Setting up Xmonad on a desktop

Posted Saturday, June 18th 2011 in FreeBSD, Linux - Permalink

Xmonad is a great tiling window manager that I have been goofing around with for the last week. I really enjoy it on my laptop, as the less I have to use the mouse, the better. It also really improves the efficiency of my desktop. Here, I will give some brief notes on setting it up.

Ubuntu and Friends

I installed Xmonad on two different computers running Ubuntu/Xubuntu. For both, installation is easy,

# sudo apt-get install xmonad

Once installed, you will see an Xmonad session on your login screen. If you don’t use a login screen, I guess you won’t see it.


For Ubuntu/Gnome, create the directory ~/.xmonad and enter into the file xmonad.hs there

import XMonad
import XMonad.Config.Gnome
main = xmonad gnomeConfig

This will set up Xmonad to be used within Gnome. Next, enter the following into a command line

# gconftool-2 -s /desktop/gnome/session/required_components/windowmanager xmonad --type string

This will tell Gnome to use Xmonad as its window manager, instead of Metacity. Log out and log back in, and you should be using your new window manager!


For Xubuntu/Xfce4, things are a little different. Again, create xmonad.hs as above and enter into it

import XMonad
import XMonad.Config.Desktop
main = xmonad desktopConfig

Xfce4 doesn’t have an option to choose your window manager, so we have to do this with a bit of trickery. First, we want to set up Xfce4 to auto-start Xmonad. In the GUI, go to Settings->Session and Startup->Application Autostart. Now, add Xmonad to start on login. Next, hit the Session tab, and kill Xfwm4. Log out and back in, and you should be using Xmonad.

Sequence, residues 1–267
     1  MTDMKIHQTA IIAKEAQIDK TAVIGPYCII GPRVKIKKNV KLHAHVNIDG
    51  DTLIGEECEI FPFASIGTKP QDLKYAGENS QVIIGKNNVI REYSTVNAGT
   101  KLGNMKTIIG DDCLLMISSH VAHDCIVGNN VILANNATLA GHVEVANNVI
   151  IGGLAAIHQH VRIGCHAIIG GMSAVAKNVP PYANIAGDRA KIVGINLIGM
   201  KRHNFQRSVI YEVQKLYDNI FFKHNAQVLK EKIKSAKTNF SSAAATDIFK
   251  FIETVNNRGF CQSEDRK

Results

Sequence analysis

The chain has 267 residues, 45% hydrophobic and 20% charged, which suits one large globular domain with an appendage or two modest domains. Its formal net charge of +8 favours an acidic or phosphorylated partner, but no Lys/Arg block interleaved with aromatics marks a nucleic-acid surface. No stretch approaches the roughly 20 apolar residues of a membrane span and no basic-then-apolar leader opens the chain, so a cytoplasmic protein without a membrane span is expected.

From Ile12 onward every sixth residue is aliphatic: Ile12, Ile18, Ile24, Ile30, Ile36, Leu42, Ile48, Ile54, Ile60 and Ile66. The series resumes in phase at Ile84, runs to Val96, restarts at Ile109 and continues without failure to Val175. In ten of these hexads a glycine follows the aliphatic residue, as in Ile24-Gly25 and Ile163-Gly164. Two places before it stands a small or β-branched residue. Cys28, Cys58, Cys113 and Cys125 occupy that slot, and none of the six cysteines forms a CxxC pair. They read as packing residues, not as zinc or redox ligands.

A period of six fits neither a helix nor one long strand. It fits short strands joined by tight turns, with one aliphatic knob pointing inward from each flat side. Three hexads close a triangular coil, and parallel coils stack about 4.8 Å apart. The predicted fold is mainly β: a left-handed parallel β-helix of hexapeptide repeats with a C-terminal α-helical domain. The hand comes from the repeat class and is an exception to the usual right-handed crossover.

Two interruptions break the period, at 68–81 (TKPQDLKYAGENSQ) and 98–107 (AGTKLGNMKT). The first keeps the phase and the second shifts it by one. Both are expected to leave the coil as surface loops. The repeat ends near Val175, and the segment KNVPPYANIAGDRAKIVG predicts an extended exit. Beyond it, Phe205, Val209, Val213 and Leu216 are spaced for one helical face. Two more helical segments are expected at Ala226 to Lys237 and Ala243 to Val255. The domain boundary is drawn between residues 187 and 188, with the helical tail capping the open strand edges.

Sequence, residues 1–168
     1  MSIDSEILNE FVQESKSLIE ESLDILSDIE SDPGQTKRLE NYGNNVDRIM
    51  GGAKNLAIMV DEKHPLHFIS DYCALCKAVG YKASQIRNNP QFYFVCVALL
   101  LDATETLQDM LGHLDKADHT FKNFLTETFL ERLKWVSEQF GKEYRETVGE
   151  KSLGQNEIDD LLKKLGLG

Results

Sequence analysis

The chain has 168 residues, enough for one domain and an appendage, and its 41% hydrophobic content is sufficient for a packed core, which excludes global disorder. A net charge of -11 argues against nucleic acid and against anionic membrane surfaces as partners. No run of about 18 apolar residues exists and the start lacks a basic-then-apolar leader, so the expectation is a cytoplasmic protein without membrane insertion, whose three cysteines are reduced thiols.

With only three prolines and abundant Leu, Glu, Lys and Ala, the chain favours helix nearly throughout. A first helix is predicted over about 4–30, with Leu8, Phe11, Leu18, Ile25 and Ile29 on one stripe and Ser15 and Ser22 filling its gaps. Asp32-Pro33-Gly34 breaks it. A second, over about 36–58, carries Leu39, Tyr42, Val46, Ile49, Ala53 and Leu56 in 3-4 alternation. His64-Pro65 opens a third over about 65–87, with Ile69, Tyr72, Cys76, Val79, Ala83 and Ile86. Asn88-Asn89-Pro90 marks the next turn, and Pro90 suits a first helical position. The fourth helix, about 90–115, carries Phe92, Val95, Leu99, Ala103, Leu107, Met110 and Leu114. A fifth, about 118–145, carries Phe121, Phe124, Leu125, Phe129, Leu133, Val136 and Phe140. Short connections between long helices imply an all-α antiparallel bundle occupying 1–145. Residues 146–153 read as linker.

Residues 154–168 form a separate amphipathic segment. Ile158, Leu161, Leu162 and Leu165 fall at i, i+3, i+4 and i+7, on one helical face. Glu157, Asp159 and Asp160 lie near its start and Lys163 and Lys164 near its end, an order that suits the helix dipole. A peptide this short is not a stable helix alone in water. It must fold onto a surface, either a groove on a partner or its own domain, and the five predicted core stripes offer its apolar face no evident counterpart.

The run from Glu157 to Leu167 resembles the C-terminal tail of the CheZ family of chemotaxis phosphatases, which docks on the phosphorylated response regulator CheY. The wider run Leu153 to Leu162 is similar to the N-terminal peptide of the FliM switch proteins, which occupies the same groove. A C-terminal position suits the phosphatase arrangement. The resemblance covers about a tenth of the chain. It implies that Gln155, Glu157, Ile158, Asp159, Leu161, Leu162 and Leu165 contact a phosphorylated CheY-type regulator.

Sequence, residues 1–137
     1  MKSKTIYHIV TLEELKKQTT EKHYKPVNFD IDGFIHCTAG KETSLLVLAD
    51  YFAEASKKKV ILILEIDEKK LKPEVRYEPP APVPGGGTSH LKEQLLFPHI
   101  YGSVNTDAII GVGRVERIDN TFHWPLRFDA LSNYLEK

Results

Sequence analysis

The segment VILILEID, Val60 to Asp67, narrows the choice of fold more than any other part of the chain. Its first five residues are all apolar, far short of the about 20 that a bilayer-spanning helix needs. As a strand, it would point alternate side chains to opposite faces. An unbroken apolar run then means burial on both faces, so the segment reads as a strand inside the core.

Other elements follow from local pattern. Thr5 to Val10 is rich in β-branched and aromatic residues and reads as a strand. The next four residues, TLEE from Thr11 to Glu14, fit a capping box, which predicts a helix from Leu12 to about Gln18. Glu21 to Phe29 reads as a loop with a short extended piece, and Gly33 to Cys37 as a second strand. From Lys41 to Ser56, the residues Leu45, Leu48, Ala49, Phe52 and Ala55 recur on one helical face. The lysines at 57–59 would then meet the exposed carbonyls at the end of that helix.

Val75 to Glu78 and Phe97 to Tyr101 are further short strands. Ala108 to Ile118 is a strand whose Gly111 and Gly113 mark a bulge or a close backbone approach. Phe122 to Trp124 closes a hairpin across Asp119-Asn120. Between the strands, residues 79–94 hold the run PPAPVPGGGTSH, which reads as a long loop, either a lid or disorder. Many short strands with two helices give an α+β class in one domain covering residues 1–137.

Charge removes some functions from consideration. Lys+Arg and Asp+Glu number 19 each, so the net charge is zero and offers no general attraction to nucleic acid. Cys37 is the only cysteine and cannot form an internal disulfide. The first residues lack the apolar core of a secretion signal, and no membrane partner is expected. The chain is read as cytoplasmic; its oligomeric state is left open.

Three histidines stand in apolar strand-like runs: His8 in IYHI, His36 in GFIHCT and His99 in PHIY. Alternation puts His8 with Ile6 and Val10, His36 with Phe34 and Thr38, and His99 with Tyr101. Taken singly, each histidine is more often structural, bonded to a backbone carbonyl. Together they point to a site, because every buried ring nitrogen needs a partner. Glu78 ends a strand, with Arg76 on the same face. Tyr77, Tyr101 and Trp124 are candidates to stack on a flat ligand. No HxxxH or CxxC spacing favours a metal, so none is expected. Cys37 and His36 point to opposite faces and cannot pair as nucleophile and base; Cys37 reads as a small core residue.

For FreeBSD, install the hs-xmonad and hs-xmonad-contrib ports.


Set it up like Xfce in the Linux section above. The default terminal is xterm, so to change it to the default Xfce4 terminal, terminal, add the following to ~/.xmonad/xmonad.hs

import XMonad
import XMonad.Config.Desktop

main = xmonad myConfig

myConfig = desktopConfig {
    terminal = "terminal"
Plain X11

If you are using X11 on FreeBSD with no desktop environment, such as Gnome or Xfce, you can still use Xmonad. First, we need to make sure Xmonad is started when we startx. Add the following to your ~/.xinitrc:

xsetroot -cursor_name left_ptr
exec xmonad

You can use the following xmonad.hs. This code uses the port lxterminal instead of xterm as the terminal application.

import XMonad
import XMonad.Config.Desktop
import qualified Data.Map as M
import XMonad.Prompt
import XMonad.Prompt.Shell
import XMonad.Prompt.XMonad
import XMonad.Actions.PhysicalScreens

import XMonad.Layout.Accordion
import XMonad.Layout.Grid
import XMonad.Layout.Spiral

myKeys conf@(XConfig {XMonad.modMask = modm}) = M.fromList
                [((modm .|. mask, key), f sc)
                | (key, sc) <- zip [xK_w, xK_e, xK_r] [0..]
                , (f, mask) <- [(viewScreen, 0), (sendToScreen, shiftMask)]]

myLayout =
        Accordion |||
        GridRatio (4/3) |||
        spiral (4/5)

main = xmonad desktopConfig {
                terminal = "lxterminal",
                keys = myKeys <+> keys desktopConfig,
                layoutHook = (layoutHook desktopConfig) ||| myLayout

If you are using multiple monitors, setting Xmonad up can be a little more tricky. Xmonad depends on libXinerama to determine where the physical screens are within the large virtual desktop created by Xinerama. Without this, Xmonad will consider the entire virtual desktop as a single physical desktop, and you won’t be able to split the workspaces up between physical monitors. So we must ensure that Xmonad is built with Xinerama support.

To check,

# ldd `which xmonad`
/usr/local/bin/xmonad: => /usr/lib/ (0x28254000) => /lib/ (0x28259000) => /usr/local/lib/ (0x28268000) => /usr/local/lib/ (0x2826b000) => /usr/local/lib/ (0x2827a000) => /usr/local/lib/ (0x28394000) => /usr/local/lib/ (0x2848a000) => /lib/ (0x284e8000) => /lib/ (0x28502000) => /usr/local/lib/ (0x2861d000) => /usr/local/lib/ (0x28635000) => /usr/local/lib/ (0x28638000) => /usr/local/lib/ (0x2863d000) => /usr/lib/ (0x2863f000)

You should see an entry for somewhere in there. If you do not, that means that the X11 Haskell bindings were not built with Xinerama support, and so Xmonad was not as well. The first thing to do is to rebuild the port hs-X11 with Xinerama support. Run make config to ensure that Xinerama support is enabled for rebuilding the port. After the port is built, you need to rebuild hs-xmonad, hs-xmonad-contrib, and hs-X11-xft. Run the above diagnostic again and it should confirm that Xmonad was built with Xinerama support..

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